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Following the publication of â€œAnalysis of the State of the Art: GC Instrumentationâ€ in the August 2012 issue of LCGC, a reader notes further factors to consider, including poor user training, unanswered questions in fast GC, and the need for further instrument improvements, particularly better deactivation of the internal surfaces to minimize loss of trace samples.
Following the publication of “Analysis of the State of the Art: GC Instrumentation” in the August 2012 issue of LCGC, a reader notes further factors to consider, including poor user training, unanswered questions in fast GC, and the need for further instrument improvements, particularly better deactivation of the internal surfaces to minimize loss of trace samples.
In reading the article “Analysis of the State of the Art: GC Instrumentation” in the August 2012 issue of LCGC (L. Bush, LCGC 30, 656–663 ), I noticed a few things that were missed.
Over the past 30 years, gas chromatography (GC) and GC–mass spectrometry (MS) instrumentation have become much more user friendly and reliable.
The issue is that while it is now possible for anyone to use them, and in fact there are a lot of “anyones” using them, they do not understand how the systems really work, what affects the results, or how to verify and validate their results. There are enough ways to make a bad analysis and usually only one or two ways to make a good reproducible analysis.
Back in the day, when instruments were as quirky as the scientists that ran them, the scientists verified that everything was working properly and that the data looked right and made sense.
Now that the results get spit out into automated reports across networks, from instruments fed by personnel who have never darkened the door of an instrumental analysis class, let alone a chromatography class or MS class that dealt with any of the instrumental issues that impact your results, good luck. I am not saying that this is always the case, but it is the case too often. This is especially true with autosampling systems, where the samples are loaded, the queue loaded, and the start and process data functions follow through automatically without review of baselines, peak fits, and so forth. Even worse is when the user is someone who has never been in a basic organic chemistry class, or any chemistry class at all.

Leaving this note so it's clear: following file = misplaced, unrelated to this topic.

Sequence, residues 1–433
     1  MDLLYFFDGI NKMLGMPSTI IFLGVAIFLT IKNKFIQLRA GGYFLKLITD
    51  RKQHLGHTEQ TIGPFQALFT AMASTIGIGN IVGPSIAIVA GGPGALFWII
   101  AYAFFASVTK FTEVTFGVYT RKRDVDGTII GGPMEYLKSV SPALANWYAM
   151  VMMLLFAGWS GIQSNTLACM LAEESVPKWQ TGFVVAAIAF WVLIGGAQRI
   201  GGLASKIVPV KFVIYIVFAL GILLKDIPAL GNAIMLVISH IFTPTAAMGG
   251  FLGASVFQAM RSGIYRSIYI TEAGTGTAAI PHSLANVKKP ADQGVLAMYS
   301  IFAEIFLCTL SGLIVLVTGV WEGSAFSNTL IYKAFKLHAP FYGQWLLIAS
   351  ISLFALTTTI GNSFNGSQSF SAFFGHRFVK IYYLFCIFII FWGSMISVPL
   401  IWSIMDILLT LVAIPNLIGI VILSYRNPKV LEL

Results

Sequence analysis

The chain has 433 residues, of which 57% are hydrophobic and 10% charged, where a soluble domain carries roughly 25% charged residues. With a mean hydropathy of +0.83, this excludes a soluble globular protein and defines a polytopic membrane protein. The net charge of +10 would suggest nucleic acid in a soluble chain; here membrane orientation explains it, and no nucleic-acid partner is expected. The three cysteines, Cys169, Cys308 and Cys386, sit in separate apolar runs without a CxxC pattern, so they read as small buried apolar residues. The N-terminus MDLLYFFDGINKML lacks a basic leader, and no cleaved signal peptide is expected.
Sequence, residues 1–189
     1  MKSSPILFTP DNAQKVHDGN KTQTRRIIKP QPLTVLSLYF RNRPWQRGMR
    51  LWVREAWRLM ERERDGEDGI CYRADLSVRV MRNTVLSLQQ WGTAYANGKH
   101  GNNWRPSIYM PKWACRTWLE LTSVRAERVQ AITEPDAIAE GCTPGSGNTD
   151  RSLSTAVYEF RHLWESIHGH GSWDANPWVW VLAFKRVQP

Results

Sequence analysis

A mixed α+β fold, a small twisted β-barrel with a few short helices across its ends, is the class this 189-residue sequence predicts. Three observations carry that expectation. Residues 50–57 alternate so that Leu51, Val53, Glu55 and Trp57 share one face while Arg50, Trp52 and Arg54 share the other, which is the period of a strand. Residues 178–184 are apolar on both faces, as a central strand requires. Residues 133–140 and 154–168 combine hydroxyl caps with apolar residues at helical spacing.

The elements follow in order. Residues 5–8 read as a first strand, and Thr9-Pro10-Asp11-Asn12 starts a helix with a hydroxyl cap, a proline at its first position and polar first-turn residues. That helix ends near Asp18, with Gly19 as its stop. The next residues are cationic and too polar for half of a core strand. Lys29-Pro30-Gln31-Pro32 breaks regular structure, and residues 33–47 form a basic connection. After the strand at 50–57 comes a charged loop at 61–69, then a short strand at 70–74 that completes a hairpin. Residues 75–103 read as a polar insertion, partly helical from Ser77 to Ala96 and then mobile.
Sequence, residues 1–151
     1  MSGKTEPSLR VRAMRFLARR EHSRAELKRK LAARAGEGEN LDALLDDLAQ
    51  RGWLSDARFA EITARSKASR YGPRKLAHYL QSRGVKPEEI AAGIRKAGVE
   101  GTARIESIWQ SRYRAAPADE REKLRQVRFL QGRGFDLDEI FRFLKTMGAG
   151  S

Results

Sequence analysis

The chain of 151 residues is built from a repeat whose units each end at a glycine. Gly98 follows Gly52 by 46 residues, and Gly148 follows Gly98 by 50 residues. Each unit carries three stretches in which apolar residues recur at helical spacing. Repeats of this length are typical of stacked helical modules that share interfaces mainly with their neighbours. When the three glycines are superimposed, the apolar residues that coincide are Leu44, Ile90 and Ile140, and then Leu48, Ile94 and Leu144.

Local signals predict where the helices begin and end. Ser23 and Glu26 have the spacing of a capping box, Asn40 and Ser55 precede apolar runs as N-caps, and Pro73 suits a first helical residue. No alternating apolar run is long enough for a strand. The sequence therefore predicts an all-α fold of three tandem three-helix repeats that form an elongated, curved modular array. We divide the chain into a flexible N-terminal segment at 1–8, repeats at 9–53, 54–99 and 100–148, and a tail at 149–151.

Another issue: How many points do you really need on a GC peak for reliable peak integration? This is a big question to be answered in fast GC. How fast of a time constant in a detector circuit do you need for fast GC? What is the settling time? Has this been addressed in the GC systems that you are using for microbore or other fast GC?
In addressing the future improvements in GC technology, better deactivation of the internal surfaces of injectors, detectors, and so forth is necessary to minimize loss of trace samples. In the aerospace industry, many times the composition of trace components in very small samples is considered very important. When you may have a total of 1 µg of sample and you need to verify the presence or the absence of a fraction of a thousandth of that amount, you need to not have nonspecific absorption in your system. If you do, you better know why, where, and what the impact is.
These issues expand into the planetary science communities, where arguments as to the performance capabilities of the Viking lander’s GC–MS system are still being argued. Does anyone know how to verify the capabilities of a 30-m packed capillary GC column across a known temperature profile, with a known fixed flow rate of hydrogen gas and a published procedure for creating the packing materials from commercially available materials?
John S. Canham, PhD,
Senior Staff Scientist, Systems Engineering Group, ATK Space Systems, Inc., Beltsville, Maryland